February 05, 2023
Most women associate menopause with mood swings and troublesome hot flashes, but many women also experience recurrent urinary tract infections (UTI) as another unwelcome side effect of the change of life. Although you may have had a UTI at some point in your life, as nearly half of all women have experienced a UTI at least once, menopause makes it much more likely for this type of infection to occur. Let’s explore why menopause makes you more vulnerable to chronic UTIs and what you can do to prevent them.
In trying to understand more about UTIs in women, it’s helpful to do a bit of anatomy review. (Don’t worry, there won’t be a test!) Here’s why women are more prone than men to develop a UTI. The bacteria that cause urinary infection enter your body through your urethra. This is the small tube that leads from your bladder out of your body and serves to carry urine away when you urinate.
Because this tube in women is so short, if bacteria get into the urethra, they can quickly multiply and spread upward into the bladder, causing a bladder infection. These bacteria can also move upward and infect your kidneys as well. Because the opening of your urethra is close to your vaginal and rectal openings, it’s in a place where bacteria are naturally present. Men have a much longer urethra that has to pass a long circuitous route from the male bladder and ultimately through the penis. Plus, the opening of the urethra onto the head of the penis is not located near the rectum. This much longer passageway and anatomical position makes it more difficult for bacteria to gain a foothold in men.
So why are postmenopausal women even more likely than younger women to get UTIs? Although younger women are more likely to get a UTI as the result of intercourse, when bacteria in the rectal and vaginal area can get transferred to the urethra, older women get infections mainly due to the effects of hormonal changes. After menopause, your levels of estrogen drop dramatically, and this drop has several negative effects. First of all, estrogen helps the “good” bacteria (called lactobacilli) that naturally occur in your vagina to flourish. These good bacteria help to lower the pH (a measure of acidity/alkalinity) in the vagina which controls bacteria that are likely to produce infection. So without estrogen’s protective effect, the infection causing bacteria can multiply and get out of hand.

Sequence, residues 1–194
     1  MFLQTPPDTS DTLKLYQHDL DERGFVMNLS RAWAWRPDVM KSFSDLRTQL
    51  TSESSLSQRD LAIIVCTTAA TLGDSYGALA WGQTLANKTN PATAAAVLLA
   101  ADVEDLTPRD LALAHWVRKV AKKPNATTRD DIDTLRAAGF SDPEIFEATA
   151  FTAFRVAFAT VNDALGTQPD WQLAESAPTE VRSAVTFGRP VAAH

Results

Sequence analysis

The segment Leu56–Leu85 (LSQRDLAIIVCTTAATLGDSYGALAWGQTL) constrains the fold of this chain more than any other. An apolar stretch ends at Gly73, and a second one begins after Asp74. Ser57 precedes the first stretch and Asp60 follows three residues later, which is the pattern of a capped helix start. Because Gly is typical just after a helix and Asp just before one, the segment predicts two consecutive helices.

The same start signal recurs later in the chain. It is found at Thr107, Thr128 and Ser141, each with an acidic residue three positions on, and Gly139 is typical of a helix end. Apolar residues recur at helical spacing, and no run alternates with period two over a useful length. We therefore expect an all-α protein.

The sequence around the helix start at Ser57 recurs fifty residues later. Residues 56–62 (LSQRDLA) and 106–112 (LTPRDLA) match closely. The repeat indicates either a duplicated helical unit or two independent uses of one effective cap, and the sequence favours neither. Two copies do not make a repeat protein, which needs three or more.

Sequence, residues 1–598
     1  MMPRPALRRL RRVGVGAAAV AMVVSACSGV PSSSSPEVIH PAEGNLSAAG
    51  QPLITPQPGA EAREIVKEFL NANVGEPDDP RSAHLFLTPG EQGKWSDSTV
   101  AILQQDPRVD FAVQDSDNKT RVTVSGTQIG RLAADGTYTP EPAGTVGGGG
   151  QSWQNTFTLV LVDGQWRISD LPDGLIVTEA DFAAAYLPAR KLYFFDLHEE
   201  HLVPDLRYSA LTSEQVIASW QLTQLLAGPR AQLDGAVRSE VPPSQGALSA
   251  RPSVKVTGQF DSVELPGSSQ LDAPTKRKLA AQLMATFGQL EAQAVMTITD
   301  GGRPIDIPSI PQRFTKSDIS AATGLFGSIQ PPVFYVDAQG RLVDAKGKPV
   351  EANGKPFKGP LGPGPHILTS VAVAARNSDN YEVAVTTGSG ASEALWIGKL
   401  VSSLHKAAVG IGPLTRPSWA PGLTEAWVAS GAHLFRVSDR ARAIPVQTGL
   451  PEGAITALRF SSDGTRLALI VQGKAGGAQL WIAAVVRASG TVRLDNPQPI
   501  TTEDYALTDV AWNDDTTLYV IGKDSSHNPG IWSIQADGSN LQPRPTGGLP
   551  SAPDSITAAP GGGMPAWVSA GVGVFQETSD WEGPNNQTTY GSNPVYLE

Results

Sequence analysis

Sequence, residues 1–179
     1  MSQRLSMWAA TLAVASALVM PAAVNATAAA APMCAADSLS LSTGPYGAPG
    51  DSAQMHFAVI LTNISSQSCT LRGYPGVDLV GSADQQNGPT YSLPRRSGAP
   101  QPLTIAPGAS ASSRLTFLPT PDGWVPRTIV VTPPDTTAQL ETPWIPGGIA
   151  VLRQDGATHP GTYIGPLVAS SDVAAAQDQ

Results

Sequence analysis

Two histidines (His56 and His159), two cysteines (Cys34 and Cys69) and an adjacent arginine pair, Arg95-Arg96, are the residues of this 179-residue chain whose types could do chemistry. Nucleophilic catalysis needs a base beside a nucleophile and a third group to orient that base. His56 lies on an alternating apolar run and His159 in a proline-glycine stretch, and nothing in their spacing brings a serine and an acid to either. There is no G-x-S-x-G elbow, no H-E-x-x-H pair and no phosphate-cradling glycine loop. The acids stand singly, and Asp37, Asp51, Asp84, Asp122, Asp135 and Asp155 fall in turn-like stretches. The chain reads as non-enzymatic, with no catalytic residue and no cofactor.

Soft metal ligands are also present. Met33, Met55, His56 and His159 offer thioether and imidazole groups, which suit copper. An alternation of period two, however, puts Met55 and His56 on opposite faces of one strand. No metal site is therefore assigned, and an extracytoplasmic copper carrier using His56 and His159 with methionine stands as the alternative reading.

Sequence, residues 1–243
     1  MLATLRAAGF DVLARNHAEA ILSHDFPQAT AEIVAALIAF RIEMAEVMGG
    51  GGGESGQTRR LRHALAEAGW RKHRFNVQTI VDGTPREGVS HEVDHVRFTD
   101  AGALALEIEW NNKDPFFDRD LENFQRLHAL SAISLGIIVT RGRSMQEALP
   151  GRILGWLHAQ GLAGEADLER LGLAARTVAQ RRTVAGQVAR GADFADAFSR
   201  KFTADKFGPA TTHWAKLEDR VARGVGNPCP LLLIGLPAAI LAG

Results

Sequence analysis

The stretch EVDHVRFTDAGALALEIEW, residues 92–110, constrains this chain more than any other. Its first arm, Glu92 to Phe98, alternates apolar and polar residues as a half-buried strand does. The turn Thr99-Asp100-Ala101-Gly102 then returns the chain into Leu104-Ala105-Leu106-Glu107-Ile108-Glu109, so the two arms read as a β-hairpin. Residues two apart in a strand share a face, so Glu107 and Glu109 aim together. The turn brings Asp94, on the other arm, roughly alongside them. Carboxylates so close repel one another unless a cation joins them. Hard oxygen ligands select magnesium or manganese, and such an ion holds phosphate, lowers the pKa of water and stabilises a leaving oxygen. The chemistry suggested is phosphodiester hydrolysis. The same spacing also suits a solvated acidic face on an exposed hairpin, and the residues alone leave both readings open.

There are other changes that come with menopause that also increase your risk of a UTI. These include a weakening of the musculature and tissues of the pelvic floor causing the pelvic organs to droop, thinning and dryness of vaginal tissue, and incomplete emptying of the bladder.
So what can you do to prevent postmenopausal UTIs from becoming a chronic problem?
A UTI is usually treated with a course of antibiotics to get the infection under control and clear the bacteria from your urinary system. Then the focus moves to preventing these episodes from recurring. Basic habits that you may already be implementing should be continued, such as wiping yourself from front to back to avoid spreading bacteria from the rectal area to the urethra, urinating after intercourse to flush bacteria from the urethra before they can get established, and taking showers rather than soaking in the bathtub. Staying well hydrated is important as well as a healthy diet.
You should also steer clear of harsh, drying soaps as well as feminine hygiene products like deodorants that are apt to further irritate already dry and sensitive skin. You may also want to speak with your physician about options for reducing the drying and thinning of vaginal tissues as well as help to get normal bacteria back in balance.
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